Pinaverium (Dicetel) Pindolol (Apo-Pindol, Novo-Pindol) Polythiazide (Renese) Prazosin (Minipress, Nu-Prazo) Propranolol (Inderal, InnoPran XL) Quinapril (Accupril)
Ramipril (Altace) Reserpine Spironolactone (Aldactone, Novo-Spiroton) Telmisartan (Micardis) Terazosin (Alti-Terazosin, Hytrin) Timolol (Betimol, Timoptic)
Torsemide (Demadex) Trandolapril (Mavik) Triamterene (Dyrenium) Trichlormethiazide (Metatensin, Naqua) Urea (Amino-Cerv, Ultramide) Valsartan (Diovan)
Verapamil (Calan, Isoptin SR)
Xipamide (Diurexan, Lumitens)
Taking bishop's weed with these drugs may increase the risk of bleeding or bruising:
Abciximab (ReoPro) Antithrombin III (Thrombate III) Argatroban Aspirin (Bufferin, Ecotrin)
Aspirin and Dipyridamole (Aggrenox) Bivalirudin (Angiomax) Clopidogrel (Plavix) Dalteparin (Fragmin)
Danaparoid (Orgaran) Dipyridamole (Novo-Dipiradol, Persantine) Enoxaparin (Lovenox) Eptifibatide (Integrillin)
Fondaparinux (Arixtra) Heparin (Hepalean, Hep-Lock) Indobufen (Ibustrin) Lepirudin (Refludan)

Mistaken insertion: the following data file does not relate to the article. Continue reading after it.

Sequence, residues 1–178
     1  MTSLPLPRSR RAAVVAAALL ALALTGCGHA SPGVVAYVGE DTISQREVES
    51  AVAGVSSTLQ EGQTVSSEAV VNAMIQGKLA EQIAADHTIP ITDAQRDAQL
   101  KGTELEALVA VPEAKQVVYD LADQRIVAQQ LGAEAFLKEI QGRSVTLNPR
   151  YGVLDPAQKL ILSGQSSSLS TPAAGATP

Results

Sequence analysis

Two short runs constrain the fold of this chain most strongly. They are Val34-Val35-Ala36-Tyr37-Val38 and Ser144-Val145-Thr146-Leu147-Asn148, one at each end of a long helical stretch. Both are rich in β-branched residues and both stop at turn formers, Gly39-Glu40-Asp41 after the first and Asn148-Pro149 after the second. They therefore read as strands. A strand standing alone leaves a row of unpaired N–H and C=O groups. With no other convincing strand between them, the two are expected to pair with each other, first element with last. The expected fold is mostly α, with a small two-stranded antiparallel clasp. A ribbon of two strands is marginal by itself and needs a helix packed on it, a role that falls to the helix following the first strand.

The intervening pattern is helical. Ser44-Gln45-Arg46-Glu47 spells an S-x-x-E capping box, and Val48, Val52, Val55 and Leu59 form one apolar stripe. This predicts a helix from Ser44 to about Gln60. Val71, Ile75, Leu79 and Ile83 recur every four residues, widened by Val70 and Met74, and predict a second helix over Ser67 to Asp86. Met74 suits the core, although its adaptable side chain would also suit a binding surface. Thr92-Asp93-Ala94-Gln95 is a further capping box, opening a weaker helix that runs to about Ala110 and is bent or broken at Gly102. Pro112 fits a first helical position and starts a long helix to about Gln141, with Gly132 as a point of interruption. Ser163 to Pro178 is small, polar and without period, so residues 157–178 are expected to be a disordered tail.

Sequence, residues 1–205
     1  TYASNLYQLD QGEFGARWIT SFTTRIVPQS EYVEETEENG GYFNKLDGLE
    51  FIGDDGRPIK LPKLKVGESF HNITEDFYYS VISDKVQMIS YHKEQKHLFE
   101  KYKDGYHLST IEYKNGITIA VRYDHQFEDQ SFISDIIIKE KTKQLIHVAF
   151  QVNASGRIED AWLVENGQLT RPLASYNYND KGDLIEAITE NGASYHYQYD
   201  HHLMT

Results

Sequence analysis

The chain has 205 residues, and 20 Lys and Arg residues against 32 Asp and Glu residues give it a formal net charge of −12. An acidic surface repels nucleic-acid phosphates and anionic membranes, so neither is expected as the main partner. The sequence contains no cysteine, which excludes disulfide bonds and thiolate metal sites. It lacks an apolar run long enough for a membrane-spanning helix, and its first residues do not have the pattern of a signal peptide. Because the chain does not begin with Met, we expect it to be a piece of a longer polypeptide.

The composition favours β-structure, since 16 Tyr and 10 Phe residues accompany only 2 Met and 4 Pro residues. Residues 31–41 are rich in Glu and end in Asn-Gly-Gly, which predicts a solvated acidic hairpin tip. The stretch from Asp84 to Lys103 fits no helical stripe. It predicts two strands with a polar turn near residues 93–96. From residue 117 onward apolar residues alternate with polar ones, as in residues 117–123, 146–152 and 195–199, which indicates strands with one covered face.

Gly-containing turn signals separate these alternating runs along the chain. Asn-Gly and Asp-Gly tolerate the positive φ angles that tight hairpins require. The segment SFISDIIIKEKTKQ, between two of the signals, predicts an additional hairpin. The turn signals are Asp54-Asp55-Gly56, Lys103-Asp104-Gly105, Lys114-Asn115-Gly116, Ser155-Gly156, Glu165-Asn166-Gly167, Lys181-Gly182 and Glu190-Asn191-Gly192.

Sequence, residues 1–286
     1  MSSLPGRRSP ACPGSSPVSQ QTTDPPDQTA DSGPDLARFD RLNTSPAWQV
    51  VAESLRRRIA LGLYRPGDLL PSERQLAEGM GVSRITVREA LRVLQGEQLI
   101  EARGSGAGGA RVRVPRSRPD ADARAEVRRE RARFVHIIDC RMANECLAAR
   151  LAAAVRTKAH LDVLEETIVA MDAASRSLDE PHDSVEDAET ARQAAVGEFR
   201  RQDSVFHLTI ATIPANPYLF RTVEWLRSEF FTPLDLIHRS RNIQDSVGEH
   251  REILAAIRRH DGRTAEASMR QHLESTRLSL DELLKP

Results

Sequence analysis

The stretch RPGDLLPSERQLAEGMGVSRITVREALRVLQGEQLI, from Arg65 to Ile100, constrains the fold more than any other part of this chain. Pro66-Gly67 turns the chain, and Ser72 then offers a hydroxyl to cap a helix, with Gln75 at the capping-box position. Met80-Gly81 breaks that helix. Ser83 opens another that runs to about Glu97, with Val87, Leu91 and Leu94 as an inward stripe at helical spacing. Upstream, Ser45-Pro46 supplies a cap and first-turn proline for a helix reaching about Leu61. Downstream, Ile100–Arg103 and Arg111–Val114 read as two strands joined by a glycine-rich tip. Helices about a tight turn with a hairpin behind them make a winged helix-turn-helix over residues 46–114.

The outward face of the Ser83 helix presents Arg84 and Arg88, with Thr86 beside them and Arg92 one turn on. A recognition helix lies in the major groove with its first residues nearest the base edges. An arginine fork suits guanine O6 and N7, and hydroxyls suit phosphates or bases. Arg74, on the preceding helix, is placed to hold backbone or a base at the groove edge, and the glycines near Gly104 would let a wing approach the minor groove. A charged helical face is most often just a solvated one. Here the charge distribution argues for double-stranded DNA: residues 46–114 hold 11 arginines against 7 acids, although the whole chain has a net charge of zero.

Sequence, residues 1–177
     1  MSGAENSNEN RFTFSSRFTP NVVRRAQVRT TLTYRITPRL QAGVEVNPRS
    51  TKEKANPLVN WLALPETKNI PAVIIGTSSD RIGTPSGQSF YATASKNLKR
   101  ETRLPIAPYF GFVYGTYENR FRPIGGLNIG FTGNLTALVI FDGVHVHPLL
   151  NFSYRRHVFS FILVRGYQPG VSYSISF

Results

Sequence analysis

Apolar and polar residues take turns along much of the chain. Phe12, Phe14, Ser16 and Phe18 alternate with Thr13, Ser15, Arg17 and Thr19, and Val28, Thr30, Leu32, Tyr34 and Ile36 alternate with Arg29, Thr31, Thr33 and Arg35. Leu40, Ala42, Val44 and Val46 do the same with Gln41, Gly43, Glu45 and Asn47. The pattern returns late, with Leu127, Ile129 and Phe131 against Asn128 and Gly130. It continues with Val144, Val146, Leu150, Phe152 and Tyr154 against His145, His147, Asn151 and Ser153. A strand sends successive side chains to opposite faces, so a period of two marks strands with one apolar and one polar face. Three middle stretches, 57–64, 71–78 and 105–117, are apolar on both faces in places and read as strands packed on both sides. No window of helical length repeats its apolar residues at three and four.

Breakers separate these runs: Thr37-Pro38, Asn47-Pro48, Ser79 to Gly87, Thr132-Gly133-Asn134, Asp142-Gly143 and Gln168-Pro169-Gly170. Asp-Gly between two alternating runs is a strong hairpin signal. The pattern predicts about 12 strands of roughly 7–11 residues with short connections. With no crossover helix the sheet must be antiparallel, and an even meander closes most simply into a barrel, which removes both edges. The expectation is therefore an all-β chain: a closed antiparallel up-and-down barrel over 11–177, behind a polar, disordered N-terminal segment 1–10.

Ticlopidine (Alti-Ticlopidine, Ticlid) Tinzaparin (Innohep) Tirofiban (Aggrastat) Warfarin (Coumadin, Jantoven)
Lab Test Alterations:
  • May increase HDL "good" cholesterol levels.
  • May increase the results of certain liver tests (ALT, SGOT, SGPT), giving the impression that the patient may have hepatitis or liver disease.
Disease Effects:
May worsen liver function in people with liver disease.
Supplement Interactions:
  • May increase the risk of liver damage when combined with herbs and supplements that can cause hepatotoxicity (destructive effects on the liver), such as Borage, Chaparral, Uva-Ursi, and others.
  • Increased risk of bleeding when used with herbs and supplements that might affect platelet aggregation, such as Angelica, Danshen, Garlic, Ginkgo Biloba, Red Clover, Turmeric, White Willow, and others.
  • May have additive effects when used with herbs and supplements taht increase photo-sensitivity, such as St. John's Wort.
Culinary Uses:
Seeds are an ingredient of mish, a soft, yellow-brown, pickled cheese that was popular in ancient Egyptian times and is still made in Egypt today.
This herb is subject to legal restrictions in some countries.
Encyclopedia of Herbs by Deni Brown Copyright © 1995, 2001 Dorling Kindersley Limited Pg 118
The Essential Herb-Drug-Vitamin Interaction Guide by Geo. T. Grossberg,MD and Barry Fox, PhD copyright ©2997 by Barry Fox, PhD Pp. 68-71